Will chopping down 33,000 trees in Worcester, Massachusetts, save other forests from the destructive Asian longhorned beetle?
Scientists are trying to answer that question as they battle an invasion that probably began 20 years ago in this central Massachusetts city that sits near the wild, natural forests that stretch north to Maine and beyond. Burns, who began her investigations as a resident of the affected area concerned about losing the trees around her, provides a clear, evenhanded description of this difficult issue. For now, chopping down trees and chipping their wood is the only known way to eradicate the pest. But it takes 30 years for new trees to mature. Is it worth it? The author provides solid background for her readers to ponder this question. Chapter by chapter she introduces the arresting-looking beetle, the trees that host it (more than a dozen species are vulnerable), the team of scientists and foresters working in Worcester, and research efforts in a nearby small forest. She presents data available so far and looks ahead to the likelihood of success in the larger battle across the country. Her narrative is framed by the experience of a teen who saw his favorite forest area cut and has watched it regrow. It’s enhanced by Harasimowicz’s clear photographs.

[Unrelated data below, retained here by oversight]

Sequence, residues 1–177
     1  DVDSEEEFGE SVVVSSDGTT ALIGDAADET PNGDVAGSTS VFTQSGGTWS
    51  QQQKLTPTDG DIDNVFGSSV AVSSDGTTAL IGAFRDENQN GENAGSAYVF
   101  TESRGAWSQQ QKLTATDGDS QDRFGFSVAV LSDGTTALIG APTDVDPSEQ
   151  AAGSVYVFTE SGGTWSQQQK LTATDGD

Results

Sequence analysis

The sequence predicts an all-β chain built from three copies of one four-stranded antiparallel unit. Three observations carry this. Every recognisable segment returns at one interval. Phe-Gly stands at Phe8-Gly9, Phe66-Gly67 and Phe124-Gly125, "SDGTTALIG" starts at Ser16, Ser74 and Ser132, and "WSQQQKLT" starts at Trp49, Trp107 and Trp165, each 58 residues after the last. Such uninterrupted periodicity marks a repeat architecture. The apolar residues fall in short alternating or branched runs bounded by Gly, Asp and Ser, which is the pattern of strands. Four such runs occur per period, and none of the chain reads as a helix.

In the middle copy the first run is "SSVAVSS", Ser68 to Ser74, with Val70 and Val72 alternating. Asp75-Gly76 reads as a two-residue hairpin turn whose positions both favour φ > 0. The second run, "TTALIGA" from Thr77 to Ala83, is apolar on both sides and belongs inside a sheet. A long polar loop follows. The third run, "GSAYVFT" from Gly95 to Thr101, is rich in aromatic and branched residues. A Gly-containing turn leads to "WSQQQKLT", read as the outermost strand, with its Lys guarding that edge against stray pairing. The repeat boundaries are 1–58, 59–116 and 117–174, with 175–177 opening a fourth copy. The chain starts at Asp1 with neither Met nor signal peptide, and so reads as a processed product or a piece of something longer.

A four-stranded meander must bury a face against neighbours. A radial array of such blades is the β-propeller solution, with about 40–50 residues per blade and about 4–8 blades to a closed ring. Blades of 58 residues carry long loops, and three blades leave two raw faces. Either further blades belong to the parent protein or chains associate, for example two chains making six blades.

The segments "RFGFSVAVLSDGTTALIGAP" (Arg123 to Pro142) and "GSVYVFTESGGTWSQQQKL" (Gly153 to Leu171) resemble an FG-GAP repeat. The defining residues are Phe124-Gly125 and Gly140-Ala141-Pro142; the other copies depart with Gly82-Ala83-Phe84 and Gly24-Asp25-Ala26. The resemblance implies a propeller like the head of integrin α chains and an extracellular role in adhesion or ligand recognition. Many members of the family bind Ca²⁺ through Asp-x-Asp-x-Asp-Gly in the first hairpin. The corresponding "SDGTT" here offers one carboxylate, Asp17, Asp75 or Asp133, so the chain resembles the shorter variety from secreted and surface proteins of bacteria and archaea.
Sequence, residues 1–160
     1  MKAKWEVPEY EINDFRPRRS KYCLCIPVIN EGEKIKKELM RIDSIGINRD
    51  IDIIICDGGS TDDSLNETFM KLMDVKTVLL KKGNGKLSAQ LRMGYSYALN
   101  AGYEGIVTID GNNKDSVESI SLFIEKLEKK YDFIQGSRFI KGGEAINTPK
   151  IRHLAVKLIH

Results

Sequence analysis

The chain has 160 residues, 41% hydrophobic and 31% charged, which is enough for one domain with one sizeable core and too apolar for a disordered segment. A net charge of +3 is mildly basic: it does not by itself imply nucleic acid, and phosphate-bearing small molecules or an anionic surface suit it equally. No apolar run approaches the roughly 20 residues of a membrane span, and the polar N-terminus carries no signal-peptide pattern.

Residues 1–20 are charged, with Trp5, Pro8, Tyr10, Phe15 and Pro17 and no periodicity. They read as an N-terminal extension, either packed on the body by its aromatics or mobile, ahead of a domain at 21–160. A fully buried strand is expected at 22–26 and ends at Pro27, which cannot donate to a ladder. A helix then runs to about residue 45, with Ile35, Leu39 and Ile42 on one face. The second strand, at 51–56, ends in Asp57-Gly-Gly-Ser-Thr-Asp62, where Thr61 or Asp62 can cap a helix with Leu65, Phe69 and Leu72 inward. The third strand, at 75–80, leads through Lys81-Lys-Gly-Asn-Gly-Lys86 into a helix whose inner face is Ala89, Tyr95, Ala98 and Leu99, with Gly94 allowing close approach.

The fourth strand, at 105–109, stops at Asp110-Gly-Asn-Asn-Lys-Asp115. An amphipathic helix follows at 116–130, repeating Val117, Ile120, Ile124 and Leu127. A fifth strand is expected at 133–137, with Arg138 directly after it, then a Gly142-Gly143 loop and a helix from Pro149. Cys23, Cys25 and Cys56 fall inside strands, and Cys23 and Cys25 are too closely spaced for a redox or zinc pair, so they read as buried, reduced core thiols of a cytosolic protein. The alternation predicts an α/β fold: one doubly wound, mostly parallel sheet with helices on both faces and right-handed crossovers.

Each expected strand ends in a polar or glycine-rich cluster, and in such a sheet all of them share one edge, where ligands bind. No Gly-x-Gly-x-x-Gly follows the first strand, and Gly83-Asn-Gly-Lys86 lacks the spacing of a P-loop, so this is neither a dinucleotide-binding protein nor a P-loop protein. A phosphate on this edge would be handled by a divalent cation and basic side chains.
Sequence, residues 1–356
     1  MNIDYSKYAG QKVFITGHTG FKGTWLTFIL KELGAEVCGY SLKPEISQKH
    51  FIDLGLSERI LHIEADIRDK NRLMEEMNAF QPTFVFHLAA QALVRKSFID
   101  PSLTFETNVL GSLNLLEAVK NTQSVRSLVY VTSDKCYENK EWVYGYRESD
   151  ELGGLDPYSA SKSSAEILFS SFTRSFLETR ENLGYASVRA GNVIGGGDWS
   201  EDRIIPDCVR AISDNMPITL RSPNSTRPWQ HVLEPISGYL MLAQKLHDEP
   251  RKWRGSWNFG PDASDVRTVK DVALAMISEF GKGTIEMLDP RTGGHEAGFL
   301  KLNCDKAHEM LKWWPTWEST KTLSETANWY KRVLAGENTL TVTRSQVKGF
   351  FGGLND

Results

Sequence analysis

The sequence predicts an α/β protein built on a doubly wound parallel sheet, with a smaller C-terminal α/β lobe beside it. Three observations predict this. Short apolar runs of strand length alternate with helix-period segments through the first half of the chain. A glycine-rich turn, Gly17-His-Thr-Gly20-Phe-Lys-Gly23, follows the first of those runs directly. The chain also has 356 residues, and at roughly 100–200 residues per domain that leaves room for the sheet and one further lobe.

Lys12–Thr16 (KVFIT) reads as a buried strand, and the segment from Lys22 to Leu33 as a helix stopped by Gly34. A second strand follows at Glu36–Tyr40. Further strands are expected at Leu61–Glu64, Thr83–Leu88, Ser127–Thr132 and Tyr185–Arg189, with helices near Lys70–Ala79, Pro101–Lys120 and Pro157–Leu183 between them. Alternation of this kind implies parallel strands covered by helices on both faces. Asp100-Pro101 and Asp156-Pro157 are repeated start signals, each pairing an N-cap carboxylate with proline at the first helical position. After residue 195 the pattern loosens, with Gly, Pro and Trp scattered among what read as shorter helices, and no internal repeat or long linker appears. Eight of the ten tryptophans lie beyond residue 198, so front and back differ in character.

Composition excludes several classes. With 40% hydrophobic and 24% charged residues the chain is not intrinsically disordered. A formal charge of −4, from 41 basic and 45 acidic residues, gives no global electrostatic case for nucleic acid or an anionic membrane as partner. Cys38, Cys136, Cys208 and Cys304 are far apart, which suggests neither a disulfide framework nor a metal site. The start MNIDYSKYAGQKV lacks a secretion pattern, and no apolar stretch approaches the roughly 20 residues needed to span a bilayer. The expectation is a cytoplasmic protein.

A splendid example of science controversy in everyday life. (author’s note, resources, glossary, bibliography and acknowledgements, index) (Nonfiction. 12-16)